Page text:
Sunday, 8 September 2013

PLN - why Twitter now plays such an important part for me

Professional Learning for me used to be limited to a few f2f workshops - if I was lucky enough to be approved to go. These were usually curriculum content related. Living and working in rural Northland of New Zealand makes interesting f2f courses few and far between, more often such courses are in Auckland which adds cost and time away - a challenge for both for your employer and your family.

About 11 years ago I enrolled myself in a postgraduate diploma in education with ACE / University of Auckland. My main rationale at the time was to get others to take me more seriously firstly (honestly!), and secondly to boost numbers so we would keep such course in Whangarei (which is still a good hour's drive from home). As I was pregnant with son no.2 (and obviously I already had a toddler at home) I intended to power through my papers while on maternity leave and emerge all competent and to-be-taken-seriously. Well, reality was that I lacked maturity and knowledge (leave alone time) to make the most of this, but I did graduate with a B (B-? can't remember now!) about 10 days before son no. 3 was born. I vowed to myself not to do this again any time soon (and I still haven't), and within the teachers' payscale an additional qualification would have made no difference anyway (at that time this was an important consideration for me!).

Almost 8 years after graduation my knowledge about and view on education, pedagogy, teaching and learning has vastly changed. It is an accumulation of discussions, readings, experiences in my various roles over the last 15 years - secondary music teacher / HOD music, parent educator for PAFT, supervisor of Playcentre sessions, liaison teacher for children at risk studying via correspondence, tech teacher at intermediate school, special education advisor with MoE. While I used the single out the liaison teacher job as the most influential on my beliefs, my current position as e-Learning Facilitator has now replaced this.

It is not so much the work itself that makes this standing out, it is the connections I have made. My PLN has been vastly enriched by connecting with other facilitators, by their willingness to share their knowledge and resources without any hesitation or without asking for anything in return. The biggest addition to my PLN has come through twitter, though.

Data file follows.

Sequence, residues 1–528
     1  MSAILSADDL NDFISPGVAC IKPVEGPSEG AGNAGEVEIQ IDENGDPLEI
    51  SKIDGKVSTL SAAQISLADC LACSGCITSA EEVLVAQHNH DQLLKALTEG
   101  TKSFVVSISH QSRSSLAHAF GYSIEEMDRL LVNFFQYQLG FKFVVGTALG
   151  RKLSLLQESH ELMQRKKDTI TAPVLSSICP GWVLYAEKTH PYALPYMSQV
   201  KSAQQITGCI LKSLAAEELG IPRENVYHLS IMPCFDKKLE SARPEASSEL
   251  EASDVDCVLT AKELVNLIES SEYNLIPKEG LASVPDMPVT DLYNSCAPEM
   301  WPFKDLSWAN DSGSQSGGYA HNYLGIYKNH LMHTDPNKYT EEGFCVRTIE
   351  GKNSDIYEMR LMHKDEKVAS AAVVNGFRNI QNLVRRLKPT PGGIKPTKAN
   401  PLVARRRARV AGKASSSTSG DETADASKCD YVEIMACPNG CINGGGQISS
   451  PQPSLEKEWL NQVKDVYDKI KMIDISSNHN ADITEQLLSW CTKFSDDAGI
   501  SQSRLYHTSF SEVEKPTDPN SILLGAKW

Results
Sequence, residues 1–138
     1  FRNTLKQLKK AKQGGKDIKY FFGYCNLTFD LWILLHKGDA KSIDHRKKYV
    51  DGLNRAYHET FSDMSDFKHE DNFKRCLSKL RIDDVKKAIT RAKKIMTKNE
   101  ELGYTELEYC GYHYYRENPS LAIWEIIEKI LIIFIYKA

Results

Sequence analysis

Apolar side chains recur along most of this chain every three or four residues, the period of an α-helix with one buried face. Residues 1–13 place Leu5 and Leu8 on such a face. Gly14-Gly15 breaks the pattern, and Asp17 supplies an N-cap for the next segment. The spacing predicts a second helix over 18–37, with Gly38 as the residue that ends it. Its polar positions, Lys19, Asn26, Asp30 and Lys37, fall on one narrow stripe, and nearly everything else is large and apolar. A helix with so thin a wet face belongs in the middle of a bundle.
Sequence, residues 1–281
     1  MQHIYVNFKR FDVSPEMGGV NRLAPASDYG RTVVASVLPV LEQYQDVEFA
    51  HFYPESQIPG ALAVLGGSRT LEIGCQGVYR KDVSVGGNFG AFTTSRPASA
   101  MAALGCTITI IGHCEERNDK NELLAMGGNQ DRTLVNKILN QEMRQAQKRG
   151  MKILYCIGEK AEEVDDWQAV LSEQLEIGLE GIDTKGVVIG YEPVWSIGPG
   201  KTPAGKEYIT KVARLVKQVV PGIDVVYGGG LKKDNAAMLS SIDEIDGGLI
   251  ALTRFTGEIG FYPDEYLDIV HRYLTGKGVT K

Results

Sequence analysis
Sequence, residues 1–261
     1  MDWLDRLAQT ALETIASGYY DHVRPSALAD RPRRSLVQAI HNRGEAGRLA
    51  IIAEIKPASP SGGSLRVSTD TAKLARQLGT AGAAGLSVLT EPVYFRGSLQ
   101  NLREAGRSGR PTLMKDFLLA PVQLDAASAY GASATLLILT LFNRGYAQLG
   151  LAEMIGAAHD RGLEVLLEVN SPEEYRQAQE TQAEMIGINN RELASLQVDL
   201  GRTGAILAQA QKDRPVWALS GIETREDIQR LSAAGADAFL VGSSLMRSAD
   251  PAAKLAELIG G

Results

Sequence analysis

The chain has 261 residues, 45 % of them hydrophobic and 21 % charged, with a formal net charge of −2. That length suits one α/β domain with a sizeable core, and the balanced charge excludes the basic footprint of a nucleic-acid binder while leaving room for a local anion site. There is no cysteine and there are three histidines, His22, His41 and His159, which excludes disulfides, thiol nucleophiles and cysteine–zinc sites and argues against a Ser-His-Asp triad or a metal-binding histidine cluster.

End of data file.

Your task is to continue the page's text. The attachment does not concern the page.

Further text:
Twitter allows you to follow any number of people and see their tweets in your feed. They will often share links to interesting reading, they will discuss topics, re-tweet what others have tweeted, ask questions  etc. I was introduced to this back in March at a Kevin Honeycutt workshop and currently follow 184 others from all around the world (and 77 people are interested or polite enough to follow what I have to tweet). A tweet is a short message of 140 characters which can include links, photos etc. It often includes a hashtag # which helps you link tweets to a particular topic together. Various groups of people might meet in twitter at a particular time and discuss a topic they previously agreed on (e.g. #edchatNZ every other Thursday night at 8:30pm). There are also initiatives like #kidschatnz run by @PalmyTeacher every Wednesday at 2pm where students discuss questions.

What makes twitter so valuable for me?
On any given day there will be dozens of tweets in my feed, some relevant straight away, others not so of course. By following people that are interested in similar things as I am, I am covering a huge range of readings and research without having to wade through them all by myself. If someone finds an article interesting or relevant, they often tweet it. I can then decide to go and have a look at it myself or not. Many of these links I email to myself so they are not getting buried in my feed but instead sit in my inbox until I get time to look at them properly.
There will be tweets sharing links to resources, usually for free.
Crowd-sourced presentations are making the rounds, tweechers are invited to add, share use (I have one started recently at about the vision for an supporting info on BYOD / 1-on-1 devices).
By connecting with twitter users overseas, I get a glance at overseas education trends which might influence what we do in NZ.

There are good resources on the www to learn about some of the intricacies of using twitter, e.g. So go ahead and give it a go (if you haven't tried it yet). As @BeLchick1 (the girl who wants to grow up to sing as beautifully as a tui) I would be happy to meet up with you and other tweechers on twitter!

1 comment:

  1. Thanks Monika for sharing your experience. I would love to give it a go!


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